Do you read lots of books, but struggle to remember any of the content after a while? Then you are going to enjoy this edition of our Tools for Thought series, where we meet with entrepreneurs on a mission to help us think better, be more creative, and more productive. In this edition, we talked to Daniel Doyon, the co-founder of Readwise, a powerful app that makes it easy to revisit and learn from your ebook and article highlights.
Readwise lets you import highlights from almost any reading source, review the part through a daily email or the app, and progressively recall more and grow your knowledge over time. It’s like reading with superpowers.
After many users asked them for more control over their reading experience, the team at Readwise has recently launched a new app called Reader, which allows people to do all of their reading in one place. It’s an all-in-one app to save what you want to read later, then actually read it, highlight and annotate the content, then search through everything you saved.
In this interview, we talked about the power of spaced repetition, how to judiciously select what to read about, the first principle of losing less before growing more, how repeatedly resurfacing hard problems you are working on can enhance creativity, the tension between institutional research and industrial research, the benefits of bootstrapping a business, how to incrementally go from “word vomit” to final essay, how they use “anti-goals” to stay laser focused on their long-term vision, and much more. Enjoy the read!
Hi Daniel, thank you so much for agreeing to this interview. Readwise is probably the most complete tool on the market to turn reading into actual learning. How would you describe it to someone who has never heard of it?
My pleasure! I’m delighted to participate. To be honest, we have always struggled to describe Readwise. People certainly understand the pain we are addressing: spending ten hours reading a book, only to promptly forget nearly everything in a week or two. But explaining our solution is difficult even to this day. The challenge is that there aren’t other mainstream tools we can reference as an analogy.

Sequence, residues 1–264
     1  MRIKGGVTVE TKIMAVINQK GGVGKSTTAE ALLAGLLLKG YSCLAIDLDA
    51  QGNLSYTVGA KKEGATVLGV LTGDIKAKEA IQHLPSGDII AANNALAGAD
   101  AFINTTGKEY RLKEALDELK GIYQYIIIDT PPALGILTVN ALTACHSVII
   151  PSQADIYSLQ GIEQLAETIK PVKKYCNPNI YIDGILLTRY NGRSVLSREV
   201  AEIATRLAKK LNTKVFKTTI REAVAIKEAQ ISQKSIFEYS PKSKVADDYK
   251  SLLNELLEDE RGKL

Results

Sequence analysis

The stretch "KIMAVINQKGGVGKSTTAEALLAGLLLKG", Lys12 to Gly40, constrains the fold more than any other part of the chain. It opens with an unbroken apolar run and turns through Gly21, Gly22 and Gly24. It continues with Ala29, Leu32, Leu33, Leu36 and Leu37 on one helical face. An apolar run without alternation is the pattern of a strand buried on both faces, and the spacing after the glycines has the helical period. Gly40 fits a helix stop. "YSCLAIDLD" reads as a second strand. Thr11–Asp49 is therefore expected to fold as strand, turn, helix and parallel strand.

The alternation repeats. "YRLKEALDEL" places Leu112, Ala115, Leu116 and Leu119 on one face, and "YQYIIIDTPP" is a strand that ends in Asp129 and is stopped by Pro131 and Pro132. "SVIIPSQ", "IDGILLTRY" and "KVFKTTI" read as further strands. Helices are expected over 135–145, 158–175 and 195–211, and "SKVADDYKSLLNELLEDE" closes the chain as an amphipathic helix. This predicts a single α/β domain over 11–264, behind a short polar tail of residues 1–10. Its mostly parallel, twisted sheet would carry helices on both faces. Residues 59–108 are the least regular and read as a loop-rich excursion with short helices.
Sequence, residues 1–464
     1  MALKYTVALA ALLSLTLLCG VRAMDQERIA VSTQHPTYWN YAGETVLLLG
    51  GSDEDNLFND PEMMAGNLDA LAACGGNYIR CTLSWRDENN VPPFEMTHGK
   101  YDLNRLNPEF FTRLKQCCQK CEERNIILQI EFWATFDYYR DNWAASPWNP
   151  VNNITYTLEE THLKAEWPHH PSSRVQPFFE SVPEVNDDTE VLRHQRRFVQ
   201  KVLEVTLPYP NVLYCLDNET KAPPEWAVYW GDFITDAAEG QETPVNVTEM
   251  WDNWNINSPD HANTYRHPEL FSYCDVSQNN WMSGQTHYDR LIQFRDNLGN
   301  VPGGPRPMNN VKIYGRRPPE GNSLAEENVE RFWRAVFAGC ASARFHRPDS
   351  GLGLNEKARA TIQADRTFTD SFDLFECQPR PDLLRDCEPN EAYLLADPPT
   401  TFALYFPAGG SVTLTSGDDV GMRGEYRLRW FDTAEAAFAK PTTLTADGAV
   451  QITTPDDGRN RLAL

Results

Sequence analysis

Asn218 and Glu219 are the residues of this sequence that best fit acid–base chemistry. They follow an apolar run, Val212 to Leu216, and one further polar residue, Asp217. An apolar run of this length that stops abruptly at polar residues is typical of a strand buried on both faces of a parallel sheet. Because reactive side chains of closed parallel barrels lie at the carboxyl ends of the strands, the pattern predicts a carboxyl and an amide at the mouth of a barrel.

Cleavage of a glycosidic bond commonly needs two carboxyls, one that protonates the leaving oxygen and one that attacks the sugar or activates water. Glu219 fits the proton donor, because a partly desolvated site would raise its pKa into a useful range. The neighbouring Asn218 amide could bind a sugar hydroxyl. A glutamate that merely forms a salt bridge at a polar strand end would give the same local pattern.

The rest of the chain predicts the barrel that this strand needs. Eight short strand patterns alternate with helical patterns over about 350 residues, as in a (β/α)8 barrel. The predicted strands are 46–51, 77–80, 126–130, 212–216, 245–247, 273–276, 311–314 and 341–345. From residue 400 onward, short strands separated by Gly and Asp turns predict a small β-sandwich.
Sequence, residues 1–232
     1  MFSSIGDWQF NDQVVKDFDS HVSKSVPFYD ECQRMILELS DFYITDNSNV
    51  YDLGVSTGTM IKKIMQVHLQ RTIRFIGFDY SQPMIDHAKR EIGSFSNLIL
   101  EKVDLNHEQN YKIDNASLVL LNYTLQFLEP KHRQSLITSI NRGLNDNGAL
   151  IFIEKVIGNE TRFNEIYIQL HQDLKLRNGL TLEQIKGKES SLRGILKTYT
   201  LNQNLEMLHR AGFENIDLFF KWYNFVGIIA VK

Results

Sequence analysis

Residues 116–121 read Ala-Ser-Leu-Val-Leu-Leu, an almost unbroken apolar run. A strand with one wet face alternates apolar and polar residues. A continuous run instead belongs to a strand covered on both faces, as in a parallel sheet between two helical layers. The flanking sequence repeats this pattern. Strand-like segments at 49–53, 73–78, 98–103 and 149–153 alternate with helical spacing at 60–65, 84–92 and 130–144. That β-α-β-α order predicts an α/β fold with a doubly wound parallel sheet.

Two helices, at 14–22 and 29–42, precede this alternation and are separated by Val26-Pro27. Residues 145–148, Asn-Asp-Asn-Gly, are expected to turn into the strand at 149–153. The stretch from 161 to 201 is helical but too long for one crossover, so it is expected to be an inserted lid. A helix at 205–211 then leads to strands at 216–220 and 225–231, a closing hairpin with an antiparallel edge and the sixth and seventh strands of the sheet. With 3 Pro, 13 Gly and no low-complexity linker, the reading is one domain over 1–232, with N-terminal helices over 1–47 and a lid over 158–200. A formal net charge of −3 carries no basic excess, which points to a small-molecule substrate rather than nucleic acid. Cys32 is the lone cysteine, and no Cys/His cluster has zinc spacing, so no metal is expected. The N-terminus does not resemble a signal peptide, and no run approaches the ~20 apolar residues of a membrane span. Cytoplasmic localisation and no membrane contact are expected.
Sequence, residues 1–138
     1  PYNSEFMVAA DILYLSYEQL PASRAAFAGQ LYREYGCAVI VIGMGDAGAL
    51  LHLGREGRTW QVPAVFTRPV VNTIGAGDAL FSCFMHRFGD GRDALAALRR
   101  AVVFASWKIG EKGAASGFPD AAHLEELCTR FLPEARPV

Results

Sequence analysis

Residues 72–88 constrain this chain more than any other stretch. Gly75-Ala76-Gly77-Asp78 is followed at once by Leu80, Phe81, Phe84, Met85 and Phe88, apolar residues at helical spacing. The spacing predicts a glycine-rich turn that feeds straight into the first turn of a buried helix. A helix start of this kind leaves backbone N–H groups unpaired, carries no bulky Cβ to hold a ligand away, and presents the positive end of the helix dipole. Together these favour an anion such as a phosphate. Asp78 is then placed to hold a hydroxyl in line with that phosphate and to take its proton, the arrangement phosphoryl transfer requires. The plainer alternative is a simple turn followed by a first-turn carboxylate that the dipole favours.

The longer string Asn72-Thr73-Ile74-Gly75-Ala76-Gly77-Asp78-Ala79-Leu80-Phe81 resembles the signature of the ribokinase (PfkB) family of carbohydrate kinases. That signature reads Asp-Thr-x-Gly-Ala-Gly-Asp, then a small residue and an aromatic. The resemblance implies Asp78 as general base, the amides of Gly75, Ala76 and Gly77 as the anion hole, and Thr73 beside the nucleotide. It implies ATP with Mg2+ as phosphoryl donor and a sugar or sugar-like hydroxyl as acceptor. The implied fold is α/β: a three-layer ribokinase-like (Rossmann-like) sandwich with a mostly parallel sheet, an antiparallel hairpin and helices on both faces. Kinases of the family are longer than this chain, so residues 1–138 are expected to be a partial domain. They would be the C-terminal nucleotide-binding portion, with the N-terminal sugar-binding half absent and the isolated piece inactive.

But here goes: Readwise is software that helps you get a higher return on time invested in reading by helping you gather all your annotations into one place, and then making it easy to consistently review those notes and highlights. That second part sounds mundane, but it’s where the magic is found.
Most productivity-oriented folks like us have a workflow for making highlights and taking notes while reading, but few of us have a system for consistently returning to those notes and highlights. Readwise closes this loop through a variety of measures. At its most basic, you will start receiving a daily email every morning containing a handful of your reading highlights. This eases you into a review habit. From there, you can take things to the next level using our fully featured web and mobile apps.
My guess is if your audience has heard of Readwise, it’s probably not for our resurfacing value proposition but for our syncing value proposition. Over the years, we have built over 30 integrations with reading apps upstream from us (Kindle, Apple Books, Google Play, Instapaper, Pocket, and even paper books through OCR and Twitter) and note-taking apps downstream from us (Evernote, Notion, Roam Research, Obsidian). Readwise makes it easy to continuously gather all these annotations into one place and then get them into your tool for thought of choice.
While these resurfacing and syncing value propositions enabled us to land a beachhead in the e-reading space, they are still relatively niche. We recently announced that we have begun building a much more ambitious piece of software: our own, fully integrated reading app, which we refer to as “Reader” for the time being.